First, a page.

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Animal Protection and Rescue League v. City of San Diego

California Court of Appeals, Fourth District, First Division

May 27, 2015

ANIMAL PROTECTION AND RESCUE LEAGUE et al., Plaintiffs and Respondents,
v.
CITY OF SAN DIEGO et al., Defendants and Appellants.

[CERTIFIED FOR PARTIAL PUBLICATION] [*]

APPEAL from a judgment and an order of the Superior Court of San Diego County, No. 37-2012-00086105-CU-WM-CTL Joel M. Pressman, Judge.

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[Copyrighted Material Omitted]

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COUNSEL

Jan I. Goldsmith, City Attorney, and George F. Schaefer, Deputy City Attorney, for Defendants and Appellants.

Law Office of Bryan Pease, Bryan W. Pease; Law Offices of Todd T. Cardiff and Todd T. Cardiff for Plaintiffs and Respondents.

OPINION

AARON, J.

I.

INTRODUCTION

The primary issue we must decide in this appeal is whether a municipality may be considered an "opposing part[y]" for purposes of the private attorney general fee statute (Code Civ. Proc., § 1021.5)[1] when it confesses error in response to a petition for writ of mandate challenging the municipality's action. In the published portion of this opinion, we conclude that a municipality may be considered an opposing party under such circumstances and that the trial court did not err in concluding that the municipality in this case was an opposing party and awarding private attorney general fees to respondents. In the unpublished portion of this opinion, we conclude that the trial court did not abuse its discretion in awarding respondents attorney fees for certain work performed prior to the filing of the petition in this case, that the trial

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court erred in awarding respondents costs in light of their failure to file a memorandum of costs as required under the California Rules of Court, and that respondents are entitled to appellate attorney fees in an amount to be determined on remand.

II.

FACTUAL AND PROCEDURAL BACKGROUND

A. Respondents' petition for writ of mandate and appellants' confession of error

In November 2012, respondents Animal Protection and Rescue League, Friends of the Seals, Ellen Shively, Deborah Saracini, Shannon Player, Robb Meade, Marilies Schoepflin, Dorota Valli, and Jerry Horna (collectively "APRL") brought a petition for writ of mandate against appellants City of San Diego and its planning commission (the City"), [2] coupled with a request for injunctive and declaratory relief. In its petition, APRL noted that the present litigation was related to a long-running dispute concerning whether the City should maintain a year-round guideline rope at the La Jolla Children's Pool for the purpose of protecting harbor seals from humans. APRL sought an order requiring the City to vacate and set aside the planning commission's denial of a permit for the guideline rope and to reinstate the findings of a hearing officer in support of the permit.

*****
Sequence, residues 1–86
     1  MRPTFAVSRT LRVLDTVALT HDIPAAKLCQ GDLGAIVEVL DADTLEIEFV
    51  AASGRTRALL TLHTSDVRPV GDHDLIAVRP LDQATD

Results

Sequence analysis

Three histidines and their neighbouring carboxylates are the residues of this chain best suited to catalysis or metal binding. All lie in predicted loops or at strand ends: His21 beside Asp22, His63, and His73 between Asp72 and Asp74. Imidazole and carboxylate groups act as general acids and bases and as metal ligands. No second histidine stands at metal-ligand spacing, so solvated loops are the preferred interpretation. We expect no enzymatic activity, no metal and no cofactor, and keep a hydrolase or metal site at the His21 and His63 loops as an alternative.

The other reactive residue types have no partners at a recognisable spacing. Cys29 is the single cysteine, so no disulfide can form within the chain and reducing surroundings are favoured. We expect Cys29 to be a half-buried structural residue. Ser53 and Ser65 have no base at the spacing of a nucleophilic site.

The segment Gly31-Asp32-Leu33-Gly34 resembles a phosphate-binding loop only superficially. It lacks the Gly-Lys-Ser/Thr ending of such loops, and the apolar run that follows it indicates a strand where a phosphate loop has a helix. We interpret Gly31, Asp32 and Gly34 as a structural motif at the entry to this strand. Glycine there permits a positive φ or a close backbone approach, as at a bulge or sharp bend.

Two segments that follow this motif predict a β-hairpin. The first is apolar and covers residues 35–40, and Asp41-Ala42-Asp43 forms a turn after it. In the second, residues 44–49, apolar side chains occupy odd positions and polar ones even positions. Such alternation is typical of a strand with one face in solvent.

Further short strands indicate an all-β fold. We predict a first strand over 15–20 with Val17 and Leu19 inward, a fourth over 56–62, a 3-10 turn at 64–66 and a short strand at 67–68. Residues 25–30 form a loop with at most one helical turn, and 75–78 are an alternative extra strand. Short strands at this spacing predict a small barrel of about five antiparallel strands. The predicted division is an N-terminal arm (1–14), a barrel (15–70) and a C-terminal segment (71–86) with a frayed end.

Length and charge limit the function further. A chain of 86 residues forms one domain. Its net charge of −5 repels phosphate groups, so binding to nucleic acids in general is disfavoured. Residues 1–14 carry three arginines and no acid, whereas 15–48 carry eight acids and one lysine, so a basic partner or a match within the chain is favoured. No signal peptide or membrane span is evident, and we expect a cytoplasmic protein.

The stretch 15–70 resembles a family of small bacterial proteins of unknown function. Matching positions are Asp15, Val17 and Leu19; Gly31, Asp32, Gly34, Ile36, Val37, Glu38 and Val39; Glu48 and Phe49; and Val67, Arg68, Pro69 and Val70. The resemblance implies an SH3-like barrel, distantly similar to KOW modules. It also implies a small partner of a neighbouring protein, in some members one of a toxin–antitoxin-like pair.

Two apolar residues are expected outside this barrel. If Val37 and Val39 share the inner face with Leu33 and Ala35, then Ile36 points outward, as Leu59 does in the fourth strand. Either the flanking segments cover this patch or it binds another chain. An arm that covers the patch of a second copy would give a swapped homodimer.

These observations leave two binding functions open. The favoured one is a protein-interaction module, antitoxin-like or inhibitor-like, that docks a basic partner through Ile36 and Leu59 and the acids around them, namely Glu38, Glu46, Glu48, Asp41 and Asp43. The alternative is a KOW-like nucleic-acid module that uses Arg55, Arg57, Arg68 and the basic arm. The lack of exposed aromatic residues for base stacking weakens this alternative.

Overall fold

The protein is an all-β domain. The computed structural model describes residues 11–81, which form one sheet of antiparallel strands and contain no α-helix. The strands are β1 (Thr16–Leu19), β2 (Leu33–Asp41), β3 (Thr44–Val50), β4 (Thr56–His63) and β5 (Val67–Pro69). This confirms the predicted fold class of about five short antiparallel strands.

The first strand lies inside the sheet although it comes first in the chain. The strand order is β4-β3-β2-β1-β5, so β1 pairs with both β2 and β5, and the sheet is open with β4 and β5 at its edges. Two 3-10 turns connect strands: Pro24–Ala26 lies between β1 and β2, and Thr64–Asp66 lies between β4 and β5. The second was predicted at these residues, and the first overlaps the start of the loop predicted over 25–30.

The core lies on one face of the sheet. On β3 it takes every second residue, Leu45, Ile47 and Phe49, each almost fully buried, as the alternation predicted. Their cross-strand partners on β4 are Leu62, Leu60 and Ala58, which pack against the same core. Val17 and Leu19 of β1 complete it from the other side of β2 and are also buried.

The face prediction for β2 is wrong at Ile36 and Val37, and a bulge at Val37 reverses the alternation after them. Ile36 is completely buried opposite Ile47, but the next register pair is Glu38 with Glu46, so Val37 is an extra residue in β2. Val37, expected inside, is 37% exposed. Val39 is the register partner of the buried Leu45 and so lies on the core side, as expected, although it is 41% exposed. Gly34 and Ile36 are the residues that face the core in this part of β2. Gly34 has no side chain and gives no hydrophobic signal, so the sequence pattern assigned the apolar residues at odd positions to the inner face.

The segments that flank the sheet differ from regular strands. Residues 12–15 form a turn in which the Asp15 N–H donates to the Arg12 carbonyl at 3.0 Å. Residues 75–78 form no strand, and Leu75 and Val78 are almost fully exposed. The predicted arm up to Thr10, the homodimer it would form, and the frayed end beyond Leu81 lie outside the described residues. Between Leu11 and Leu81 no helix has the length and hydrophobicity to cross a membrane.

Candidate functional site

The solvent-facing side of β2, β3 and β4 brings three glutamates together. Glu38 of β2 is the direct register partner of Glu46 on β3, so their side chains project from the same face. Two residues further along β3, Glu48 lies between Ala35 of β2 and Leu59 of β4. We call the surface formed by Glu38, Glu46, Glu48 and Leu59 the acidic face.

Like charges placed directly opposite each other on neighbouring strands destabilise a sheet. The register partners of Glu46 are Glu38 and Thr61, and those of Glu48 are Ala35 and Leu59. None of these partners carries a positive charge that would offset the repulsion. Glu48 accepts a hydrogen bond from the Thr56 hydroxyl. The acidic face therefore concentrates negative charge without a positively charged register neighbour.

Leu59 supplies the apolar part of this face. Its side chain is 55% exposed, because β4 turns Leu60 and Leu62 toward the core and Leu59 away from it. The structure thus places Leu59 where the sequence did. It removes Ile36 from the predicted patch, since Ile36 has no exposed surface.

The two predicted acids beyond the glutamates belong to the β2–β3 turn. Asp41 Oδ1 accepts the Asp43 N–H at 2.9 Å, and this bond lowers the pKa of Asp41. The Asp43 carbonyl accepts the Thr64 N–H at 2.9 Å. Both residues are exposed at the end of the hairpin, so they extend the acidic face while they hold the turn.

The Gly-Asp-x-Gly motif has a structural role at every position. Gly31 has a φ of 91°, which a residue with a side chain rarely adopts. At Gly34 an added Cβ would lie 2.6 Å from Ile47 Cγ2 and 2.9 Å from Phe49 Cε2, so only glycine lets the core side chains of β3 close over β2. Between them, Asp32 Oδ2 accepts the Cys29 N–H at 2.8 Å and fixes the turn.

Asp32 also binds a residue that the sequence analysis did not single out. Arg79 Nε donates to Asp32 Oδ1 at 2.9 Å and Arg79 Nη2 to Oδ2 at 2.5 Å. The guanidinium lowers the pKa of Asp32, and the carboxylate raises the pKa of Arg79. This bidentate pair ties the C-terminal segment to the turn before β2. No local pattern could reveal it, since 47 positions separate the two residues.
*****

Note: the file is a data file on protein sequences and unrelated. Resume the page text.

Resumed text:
Approximately three months later, the City filed an answer in which it confessed error and conceded that the "Planning Commission erred when it denied the Site Development Permit for an annual rope barrier." The City stated that it did "not oppose lawful writ relief, including a Court order directing that the denial of a Site Development Permit be set aside."

B. Friends of the Children's Pool's participation in the case

On March 12, 2013, APRL filed an ex parte application for an order to show cause seeking entry of judgment in the case. In the application, APRL stated that "[b]ecause related case Friends of Children's Pool v. City of San Diego, case number 37-2013-0003894-CU-WM-CTL will be made moot by APRL's writ petition being granted, this party [Friends of the Children's Pool)] will likely wish to be heard as well." The following day, the trial court held a hearing on APRL's application and granted Friends of the Children's

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Pool (FOCP) the right to file an opposition to APRL's anticipated filing of a motion for entry of judgment on the writ petition in this case.

APRL filed a motion for entry of judgment on its writ petition on March 20.

FOCP filed an opposition to APRL's motion for entry of judgment on March 29. That same day, the City filed a nonopposition to APRL's motion for entry of judgment in which it noted its confession of error, and stated, "City therefore does not oppose [APRL's] motion for entry of judgment granting writ relief."

A few days later, FOCP filed an ex parte application for leave to file a complaint in intervention. APRL filed an opposition and the trial court held a hearing on the application. At the hearing, the City orally opposed FOCP's application to intervene. The trial court denied FOCP's request to intervene in the case as a party, but indicated that it would consider FOCP's opposition to the motion for entry of judgment as an amicus curiae brief.

The City filed a reply to FOCP's amicus curiae brief in which it further explained the basis for its confession of error, and APRL filed a reply brief in support of its motion for entry of judgment

C. The trial court's order and judgment granting the writ of mandate